Howard Hughes Medical Institute to award
$8 million in new grants for precollege science programs at science museums, aquaria, botanical gardens and zoos
The Howard Hughes Medical Institute announced today that it will award $8 million in four-year grants to encourage the scientific and museum community to work with schools and community groups in expanding opportunities for young people to explore science. It has invited nearly 600 science museums, aquaria, botanical gardens and zoos to submit proposals for the grants, which will range from $100,000 and $500,000 and be awarded in 1997.
"Museums, zoos and other institutions involved in science have a wealth of resources to help get young people excited about exploring nature and carrying out experiments," said Purnell W. Choppin, the Institute's president. "They also can assist teachers and schools in improving science classes and helping students see for themselves what science is all about. We are especially interested in encouraging more girls and youngsters from underrepresented minority groups to pursue science."
The Institute will award the new grants through its precollege science education program, which has awarded $21 million to 93 institutions in three previous competitions since 1992. In 1992 and 1993 the Institute awarded $11 million to 51 museums, aquaria, botanical gardens, and zoos to support innovative science education programs for youngsters. In 1994 it awarded $10 million for science education programs at 42 biomedical research institutions. The grants support a wide variety of efforts, from partnership programs between medical schools and urban schools to summer training programs where teachers learn inexpensive techniques for teaching molecular biology.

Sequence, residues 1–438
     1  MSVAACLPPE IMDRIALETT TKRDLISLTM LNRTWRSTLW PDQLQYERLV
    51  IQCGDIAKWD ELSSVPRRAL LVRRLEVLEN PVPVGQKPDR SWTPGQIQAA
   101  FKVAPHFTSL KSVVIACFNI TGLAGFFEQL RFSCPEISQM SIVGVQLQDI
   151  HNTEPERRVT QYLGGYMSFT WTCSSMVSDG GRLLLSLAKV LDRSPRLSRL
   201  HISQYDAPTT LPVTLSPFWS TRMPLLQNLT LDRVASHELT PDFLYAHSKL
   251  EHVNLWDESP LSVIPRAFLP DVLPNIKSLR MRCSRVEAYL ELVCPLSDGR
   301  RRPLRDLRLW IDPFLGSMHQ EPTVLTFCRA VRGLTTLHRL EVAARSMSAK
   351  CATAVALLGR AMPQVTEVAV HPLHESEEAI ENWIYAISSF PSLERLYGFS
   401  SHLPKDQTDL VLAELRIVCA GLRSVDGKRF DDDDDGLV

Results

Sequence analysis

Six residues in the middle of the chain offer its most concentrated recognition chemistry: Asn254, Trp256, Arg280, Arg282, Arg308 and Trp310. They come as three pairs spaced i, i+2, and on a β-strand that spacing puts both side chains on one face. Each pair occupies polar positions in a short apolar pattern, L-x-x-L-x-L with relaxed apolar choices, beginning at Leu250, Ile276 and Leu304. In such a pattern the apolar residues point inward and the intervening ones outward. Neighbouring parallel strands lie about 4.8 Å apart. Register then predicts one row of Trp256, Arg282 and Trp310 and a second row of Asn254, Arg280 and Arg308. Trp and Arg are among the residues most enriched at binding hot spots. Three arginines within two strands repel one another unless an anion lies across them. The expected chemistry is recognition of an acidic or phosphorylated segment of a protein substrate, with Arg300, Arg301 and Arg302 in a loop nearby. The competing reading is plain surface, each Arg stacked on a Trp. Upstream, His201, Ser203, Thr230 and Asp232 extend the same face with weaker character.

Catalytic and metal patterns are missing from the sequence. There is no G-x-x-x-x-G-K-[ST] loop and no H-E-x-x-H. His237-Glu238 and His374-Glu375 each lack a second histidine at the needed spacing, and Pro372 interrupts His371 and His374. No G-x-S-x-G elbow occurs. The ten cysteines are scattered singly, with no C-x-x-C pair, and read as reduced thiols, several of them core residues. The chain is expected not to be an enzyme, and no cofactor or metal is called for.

In addition, through its undergraduate biological sciences education program, HHMI has provided colleges and universities with more than $65 million since 1988 for outreach programs with elementary, middle and high schools. More than 55,000 precollege students (55 percent women and 52 percent from underrepresented minorities) and 16,400 teachers have benefited from these efforts. The Institute also broadcasts an annual holiday lecture series on science for high school students, sponsors a variety of science education programs in the Washington, D.C., area, and produces educational materials that are widely used in science classrooms nationwide.
"The Institute is supporting some remarkable efforts to get young people involved in science, from students assembling a whale skeleton in Alaska to inner city students studying genetics with medical research teams," said Joseph G. Perpich, HHMI's vice president for grants and special programs. "Through the Institute's precollege initiatives we want the world of science opened not only to the small fraction of young people who will pursue research and teaching careers, but also to the many others who will not."
The new initiative is open to a wide variety of museums, such as children's museums and natural history centers, and to selected aquaria, botanical gardens, arboreta and zoos. A number of related institutions also have been invited to submit proposals, which are expected to focus directly on students, teachers and schools, families and community groups, or some combination of these groups. Applicants also are being encouraged to help develop science kits and educational materials, where appropriate, and to integrate their "informal" science programs effectively with the formal science curriculum at schools. The application deadline is October 1, 1996.
The Institute's grants program is the largest private initiative in U.S. history to enhance the quality of science education. Since 1988, HHMI has granted nearly $548 million, primarily for science education from the earliest grades through postgraduate training. The HHMI grants program also supports the research of outstanding scientists in selected countries outside the United States.